Measurement of adult mortality in less developed countries: a comparative review

Popul Index. Winter 1991;57(4):552-68.


"This paper compares the direct and indirect methods used to measure adult mortality in the developing world. No other approach can substitute fully for accurate and complete vital registration, but in many countries it is unrealistic to expect the registration system to cover the majority of the population in the foreseeable future.... The difficulties involved in measuring adult mortality using surveys and other ad hoc inquiries are discussed.... While the choice of methods must depend on each country's situation, direct questions require very large samples and are unreliable in single-round inquiries. On the other hand, although indirect methods provide less detailed and up-to-date information than is ideal, they are adequate for many practical purposes. In particular, the experience of the 1980s suggests that questions about orphanhood perform better than earlier assessments indicated, and recent methodological developments have circumvented some of the limitations of the indirect approach."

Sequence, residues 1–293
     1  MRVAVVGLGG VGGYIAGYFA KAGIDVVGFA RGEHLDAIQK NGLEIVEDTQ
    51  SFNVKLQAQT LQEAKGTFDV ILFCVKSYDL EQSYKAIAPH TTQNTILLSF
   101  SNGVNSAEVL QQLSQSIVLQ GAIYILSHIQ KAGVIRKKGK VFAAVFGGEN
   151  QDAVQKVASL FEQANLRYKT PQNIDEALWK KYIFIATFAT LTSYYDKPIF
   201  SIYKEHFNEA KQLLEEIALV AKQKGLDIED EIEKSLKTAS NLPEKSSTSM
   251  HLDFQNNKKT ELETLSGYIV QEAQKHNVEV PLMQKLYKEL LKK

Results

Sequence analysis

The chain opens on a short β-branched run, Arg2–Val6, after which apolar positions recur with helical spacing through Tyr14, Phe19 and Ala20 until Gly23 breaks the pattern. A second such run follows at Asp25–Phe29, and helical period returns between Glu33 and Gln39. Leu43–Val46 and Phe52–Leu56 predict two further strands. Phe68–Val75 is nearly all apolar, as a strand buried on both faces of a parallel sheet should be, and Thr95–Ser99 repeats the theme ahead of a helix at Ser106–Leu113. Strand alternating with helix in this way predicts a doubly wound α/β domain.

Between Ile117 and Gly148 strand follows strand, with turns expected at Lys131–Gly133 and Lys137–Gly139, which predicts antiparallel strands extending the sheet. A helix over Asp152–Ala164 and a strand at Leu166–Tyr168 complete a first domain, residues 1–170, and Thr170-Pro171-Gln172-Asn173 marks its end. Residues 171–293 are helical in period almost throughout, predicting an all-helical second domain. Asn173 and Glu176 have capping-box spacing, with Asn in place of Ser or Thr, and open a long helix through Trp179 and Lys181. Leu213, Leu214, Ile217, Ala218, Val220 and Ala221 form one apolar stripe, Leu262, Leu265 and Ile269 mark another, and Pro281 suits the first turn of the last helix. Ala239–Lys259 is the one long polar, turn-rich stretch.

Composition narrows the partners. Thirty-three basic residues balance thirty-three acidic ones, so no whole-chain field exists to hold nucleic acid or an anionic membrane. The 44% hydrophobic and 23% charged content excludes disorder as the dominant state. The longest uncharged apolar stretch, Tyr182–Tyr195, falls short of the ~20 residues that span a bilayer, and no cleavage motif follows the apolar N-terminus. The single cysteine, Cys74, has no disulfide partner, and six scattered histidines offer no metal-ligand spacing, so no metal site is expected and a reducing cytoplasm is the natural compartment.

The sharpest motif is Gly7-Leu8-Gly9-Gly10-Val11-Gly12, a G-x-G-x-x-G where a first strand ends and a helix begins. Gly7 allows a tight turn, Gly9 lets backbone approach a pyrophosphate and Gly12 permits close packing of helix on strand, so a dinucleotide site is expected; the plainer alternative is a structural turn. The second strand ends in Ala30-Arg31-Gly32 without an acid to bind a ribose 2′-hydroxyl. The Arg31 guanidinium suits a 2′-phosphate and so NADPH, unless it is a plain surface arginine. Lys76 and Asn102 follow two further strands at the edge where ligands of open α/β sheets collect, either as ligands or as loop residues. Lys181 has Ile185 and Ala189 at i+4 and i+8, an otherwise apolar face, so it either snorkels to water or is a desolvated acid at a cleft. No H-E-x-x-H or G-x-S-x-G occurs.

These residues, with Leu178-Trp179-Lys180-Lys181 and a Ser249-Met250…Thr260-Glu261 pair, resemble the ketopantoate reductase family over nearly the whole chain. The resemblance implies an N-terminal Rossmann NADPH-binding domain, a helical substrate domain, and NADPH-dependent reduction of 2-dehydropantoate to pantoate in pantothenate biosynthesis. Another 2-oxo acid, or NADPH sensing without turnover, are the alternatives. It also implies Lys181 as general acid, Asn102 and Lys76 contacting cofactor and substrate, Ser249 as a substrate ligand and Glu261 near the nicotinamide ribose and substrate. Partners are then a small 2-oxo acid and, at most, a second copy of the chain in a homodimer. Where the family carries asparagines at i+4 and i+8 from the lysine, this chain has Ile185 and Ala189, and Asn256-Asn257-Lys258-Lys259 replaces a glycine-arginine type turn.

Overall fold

Publication types

  • Comparative Study

MeSH terms

  • Adult*
  • Age Factors
  • Data Collection*
  • Demography
  • Developing Countries*
  • Evaluation Studies as Topic*
  • Methods*
  • Mortality*
  • Population
  • Population Characteristics
  • Population Dynamics
  • Research
  • Research Design*
  • Sampling Studies
  • Statistics as Topic*
  • Vital Statistics*